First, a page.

• A national certification as an Accredited Financial Counselor (AFC), Certified Financial Planner
  • (CFP), Chartered Financial Consultant (ChFC).
  • Counselors shall maintain a valid, unrestricted motor vehicle license.
  • Demonstrated experience in utilizing MS Office products (Excel, Word, PowerPoint).
  • A criminal history background check that includes a credit check, as well as an FBI fingerprint check are required to work in this program.

 

DESIRED QUALIFICATIONS:

  • Previous military experience (including military spouses and/or as a service provider)
  • Ability to travel up to 10% including some weekends with advanced notice.
  • Ability to facilitate financial workshops and trainings to large groups and ability to tailor presentations to audiences as needed.
  • Knowledge, skills, and abilities such as:
  • Working knowledge of military, state, federal, and local resources.
  • Understanding, sensitivity, and empathy for Service members and their family members.
  • Ability to develop trusting helping relationships.
  • Ability to work effectively with individuals and families from diverse racial, ethnic, and socioeconomic backgrounds.
  • Ability to use sound professional judgment, ethical practice, and common sense. Ability to develop, implement, and evaluate financial needs of individuals and families.

 

*****

 

Now that I’ve hyped up the PFCs, you might have a few questions going through your mind.  I’ll try to predict some of them and answer them for you now.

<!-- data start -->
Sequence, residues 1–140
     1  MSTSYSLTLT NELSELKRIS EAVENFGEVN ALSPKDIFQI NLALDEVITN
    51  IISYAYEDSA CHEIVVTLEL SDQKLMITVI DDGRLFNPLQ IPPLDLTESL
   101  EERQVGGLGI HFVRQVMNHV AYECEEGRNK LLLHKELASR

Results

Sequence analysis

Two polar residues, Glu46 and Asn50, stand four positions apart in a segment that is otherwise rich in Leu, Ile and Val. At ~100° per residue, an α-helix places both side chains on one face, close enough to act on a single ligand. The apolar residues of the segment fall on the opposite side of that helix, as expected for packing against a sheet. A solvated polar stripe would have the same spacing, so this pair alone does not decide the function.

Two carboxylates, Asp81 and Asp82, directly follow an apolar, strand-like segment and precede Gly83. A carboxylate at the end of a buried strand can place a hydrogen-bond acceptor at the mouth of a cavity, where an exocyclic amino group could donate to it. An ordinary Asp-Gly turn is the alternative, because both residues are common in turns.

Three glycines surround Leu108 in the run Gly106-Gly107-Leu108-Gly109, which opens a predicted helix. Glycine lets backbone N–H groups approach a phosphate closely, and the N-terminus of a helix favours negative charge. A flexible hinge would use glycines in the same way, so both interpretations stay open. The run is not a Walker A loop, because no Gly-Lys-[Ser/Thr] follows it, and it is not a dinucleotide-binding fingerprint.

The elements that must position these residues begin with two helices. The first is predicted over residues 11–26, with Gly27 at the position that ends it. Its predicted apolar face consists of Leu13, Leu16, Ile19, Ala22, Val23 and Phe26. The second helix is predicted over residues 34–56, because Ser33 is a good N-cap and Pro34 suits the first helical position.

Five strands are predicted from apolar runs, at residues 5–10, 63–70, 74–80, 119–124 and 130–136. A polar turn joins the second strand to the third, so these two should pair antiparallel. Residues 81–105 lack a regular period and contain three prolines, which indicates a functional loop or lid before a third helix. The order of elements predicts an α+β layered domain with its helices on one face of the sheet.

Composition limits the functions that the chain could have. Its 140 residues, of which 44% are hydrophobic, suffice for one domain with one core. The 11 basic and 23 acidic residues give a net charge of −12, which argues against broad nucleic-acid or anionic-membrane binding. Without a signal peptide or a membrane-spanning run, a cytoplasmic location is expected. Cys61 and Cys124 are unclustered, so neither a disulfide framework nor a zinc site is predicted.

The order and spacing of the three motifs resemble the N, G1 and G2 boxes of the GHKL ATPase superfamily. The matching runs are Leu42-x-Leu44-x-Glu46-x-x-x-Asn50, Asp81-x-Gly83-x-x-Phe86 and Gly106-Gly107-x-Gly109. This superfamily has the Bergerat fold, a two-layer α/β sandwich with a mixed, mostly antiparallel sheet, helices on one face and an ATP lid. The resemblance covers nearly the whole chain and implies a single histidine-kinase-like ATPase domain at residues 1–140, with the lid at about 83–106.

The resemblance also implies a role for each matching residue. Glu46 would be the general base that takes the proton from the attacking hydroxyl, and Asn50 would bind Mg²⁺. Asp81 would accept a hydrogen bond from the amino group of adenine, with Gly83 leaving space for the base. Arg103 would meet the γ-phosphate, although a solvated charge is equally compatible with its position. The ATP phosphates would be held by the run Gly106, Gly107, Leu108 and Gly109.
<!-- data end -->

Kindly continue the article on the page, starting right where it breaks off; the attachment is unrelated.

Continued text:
Is there any cost to use the Personal Financial Counselors?

Not at all.  While financial planners can charge as much as $150 per hour or an initial flat fee around $2,000, they are available at no cost to you.

 

Will the PFC recommend financial products for me to purchase or refer me to outside financial services?

Again, the answer is no.  Many of the contracted PFCs do have practices in addition to their consultation contract, they are forbidden by that contract from making recommendations for products and from referring you to either their or another financial planning business.  The PFC will offer advice and education only.  If you choose to make use of such a company in addition to consulting with the PFC, that is your prerogative.

 

How can I find a Personal Financial Counselor?

For the National Guard, the PFCs are usually attached to your state’s Family Programs branch.  You often can find contact information for family programs through your state’s National Guard website.  I have included a few useful links in the references section.  The best news, though, is the PFCs will assist any currently serving military member or military family regardless of branch.  Like any of us, they need numbers of contacts in order to maintain their positions.  Help them out and make an appointment to speak with a PFC when you’re able.

 

I think that is enough to get your mind working on a few things such as your current financial condition and questions you’d like to ask the PFC.  I hope this has been an informative and useful article for you.

 

Join me next week when I will talk about an issue specific to officers (though there is a similar thing for enlisted members): the mandatory removal date and how it can affect a career path.

 

As always, please post any questions or comments in the comments section below.  If you think this article can be beneficial to another person, please share the link with them and spread the word about this website.

 

Thanks again for joining me today and, of course, thank you for your service.

 

D.J.

References:
Certified Personal Financial Counselor Job Announcement – Zeiders Enterprises
National Guard Financial Management Awareness Program
Personal Financial Management and Taxes (Military OneSource)
How to Access Financial Counseling Through Military OneSource
Army Reserve Family Programs
Service Provider Network
MyArmyBenefits Resource Locator


Podcast Episode 0022 – What is a Personal Financial Counselor?

 

References:
Certified Personal Financial Counselor Job Announcement – Zeiders Enterprises